Book One in my new clean romantic suspense series, Riven City, is now complete.
Good afternoon, everyone! How are you today? Is it spring yet where you live? I live in west Michigan, on the Lake Michigan side, and it’s definitely spring, if a little chilly yet.
I thought I would share some background about my new YA fantasy novel, Destiny. It’s book one in my new series, The Traitors War, and its about a group of young people trying to navigate the changing landscapes of their home kingdoms and their continent of Pentallia as war approaches, from both within Pentallia itself and from across the Argentum Brine sea to the west.
I got the inkling for this story back around 2005, and had some of the main characters, such as Lisette, Conrad and Bannan right from the get-go. Others got added in as I started a big three-ring binder and added notes and pictures of characters taken out of magazines (this was before Pinterest). As time went on, I added more notebooks and ideas, and gave up the binder, instead splitting the growing number of notebooks into ones for places and characters.
I sent a very early version of Destiny to a small agency back around 2016. The agent was very nice, but declined that story (titled Peril at Stormsurge). I set it aside when I got the idea for Lift and the Flying Ponies. It was always in the background, though, and even as I worked my way through the Flying Ponies books, I fussed with what I called “Pentallia.” I wrote two more versions, neither being what I was looking for. They centered more around Princess Anora Cardiff of Castle Frayfight (whom you will meet in book two), and I knew that wasn’t where the story needed to start. Anora was never meant to be the main character, either.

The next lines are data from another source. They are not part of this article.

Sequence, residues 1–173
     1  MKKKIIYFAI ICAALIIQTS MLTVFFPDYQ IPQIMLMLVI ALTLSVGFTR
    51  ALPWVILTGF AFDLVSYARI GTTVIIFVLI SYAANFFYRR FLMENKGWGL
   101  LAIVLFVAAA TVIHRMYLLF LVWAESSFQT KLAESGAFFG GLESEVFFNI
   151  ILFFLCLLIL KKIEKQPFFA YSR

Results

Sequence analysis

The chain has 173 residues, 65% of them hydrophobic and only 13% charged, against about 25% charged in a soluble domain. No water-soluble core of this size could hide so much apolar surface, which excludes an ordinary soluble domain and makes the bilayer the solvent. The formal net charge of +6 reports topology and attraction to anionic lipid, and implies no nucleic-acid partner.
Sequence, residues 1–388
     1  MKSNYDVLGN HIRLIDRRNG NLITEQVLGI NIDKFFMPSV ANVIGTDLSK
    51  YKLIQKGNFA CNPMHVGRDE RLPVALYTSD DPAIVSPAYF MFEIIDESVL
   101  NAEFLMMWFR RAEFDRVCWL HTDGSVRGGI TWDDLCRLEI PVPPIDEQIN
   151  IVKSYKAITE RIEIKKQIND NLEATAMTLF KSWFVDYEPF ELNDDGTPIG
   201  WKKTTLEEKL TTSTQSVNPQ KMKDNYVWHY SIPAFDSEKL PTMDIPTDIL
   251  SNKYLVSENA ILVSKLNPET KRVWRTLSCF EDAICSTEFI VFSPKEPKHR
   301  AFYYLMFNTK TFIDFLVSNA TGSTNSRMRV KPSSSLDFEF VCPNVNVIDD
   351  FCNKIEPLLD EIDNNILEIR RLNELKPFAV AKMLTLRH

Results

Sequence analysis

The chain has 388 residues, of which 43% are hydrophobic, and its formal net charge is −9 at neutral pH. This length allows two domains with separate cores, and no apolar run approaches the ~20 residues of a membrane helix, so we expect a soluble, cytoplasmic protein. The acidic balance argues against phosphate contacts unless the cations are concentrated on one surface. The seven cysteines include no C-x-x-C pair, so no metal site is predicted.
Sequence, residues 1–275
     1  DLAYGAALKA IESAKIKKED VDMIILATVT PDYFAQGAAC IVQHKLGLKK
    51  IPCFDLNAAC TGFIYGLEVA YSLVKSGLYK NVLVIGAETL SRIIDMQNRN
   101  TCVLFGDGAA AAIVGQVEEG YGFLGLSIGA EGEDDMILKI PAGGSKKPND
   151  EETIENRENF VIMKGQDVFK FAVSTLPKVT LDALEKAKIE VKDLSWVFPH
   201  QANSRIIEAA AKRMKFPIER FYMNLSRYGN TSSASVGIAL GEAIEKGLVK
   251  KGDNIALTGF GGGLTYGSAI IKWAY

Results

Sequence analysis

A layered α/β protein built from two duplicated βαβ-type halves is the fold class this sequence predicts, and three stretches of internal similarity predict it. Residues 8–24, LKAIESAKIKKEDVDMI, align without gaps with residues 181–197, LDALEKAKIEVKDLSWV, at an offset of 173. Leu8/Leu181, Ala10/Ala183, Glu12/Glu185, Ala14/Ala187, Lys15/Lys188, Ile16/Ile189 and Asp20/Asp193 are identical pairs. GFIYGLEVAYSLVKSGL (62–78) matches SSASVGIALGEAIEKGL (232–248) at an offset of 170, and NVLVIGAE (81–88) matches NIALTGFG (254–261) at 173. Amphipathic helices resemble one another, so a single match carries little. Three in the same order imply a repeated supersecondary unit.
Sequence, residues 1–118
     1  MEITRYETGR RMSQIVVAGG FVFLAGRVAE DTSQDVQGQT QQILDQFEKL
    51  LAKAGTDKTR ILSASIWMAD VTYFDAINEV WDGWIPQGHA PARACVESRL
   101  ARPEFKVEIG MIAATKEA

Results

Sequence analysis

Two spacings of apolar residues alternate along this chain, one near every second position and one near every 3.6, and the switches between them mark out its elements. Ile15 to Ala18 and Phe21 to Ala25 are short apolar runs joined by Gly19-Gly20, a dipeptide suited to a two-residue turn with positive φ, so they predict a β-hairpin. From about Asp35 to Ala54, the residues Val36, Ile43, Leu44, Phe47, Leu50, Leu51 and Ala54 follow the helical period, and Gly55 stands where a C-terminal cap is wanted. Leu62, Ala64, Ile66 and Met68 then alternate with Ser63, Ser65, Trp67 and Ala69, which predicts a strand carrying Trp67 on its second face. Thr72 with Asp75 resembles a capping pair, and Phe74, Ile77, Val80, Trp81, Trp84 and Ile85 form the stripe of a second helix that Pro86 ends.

Once Spin, the third and final Flying Pony book was published (spring 2020), I went back to “Pentallia” in earnest and started rewriting it yet again. This version made its way to my husband Ryan, but it still wasn’t the story my characters and I wanted to tell. Thus, in late August of 2020, I again sat down to rewrite it (this was probably the seventh incarnation of “Pentallia” at this point). Finally, the story clicked with both my muse (whose name is Glucinda, by the way. If you happen to know where that name came from, you get two cookies!) and my characters. I finished it during late September and immediately started editing and polishing.
The book was now titled Clandestine, and it was sent to my editor at One Wicked Wordsmith in late December. From there, it went through some more editing to add in details about Pentallia. Once we were happy with that, it was sent to Kate Conway, who owns Wicked Whale Publishing, and who puts my books together for me. We decided the series should have crowns on the cover, and I actually have a water colorist who will be doing my future covers for The Traitors War. It was decided the title was too long; no matter how Kate placed it, it looked too awkward, and it was renamed Destiny.
From there the book was added into Amazon and ARCS (Advanced Reading Copies, or proofs) were ordered and a few were passed on to people for early reviews. Once corrections were done based on the ARC (and there are always corrections), the book was made ready for publication, and as of today, is now ready to meet the world.
I hope you enjoy Destiny. I hope you find yourself immersed in the story, and that you click with at least one of the characters. Book two is now done and through the first round of editing, and I’m hoping for a spring 2021 release.
Have a wonderful week!
Hey everyone, long time no talk, yeah? Yeah. I haven’t kept this website as updated as I’d originally planned when I started it. I’ll get right to the point: life has been rough this year. I fell and broke/dislocated my right ankle way back in February, which was not fun. Lots of rods and pins had to be installed. We’ve dealt with other medical issues all year, and as of now, my maternal grandmother’s health is failing badly, and we expect this to be our last Christmas with her.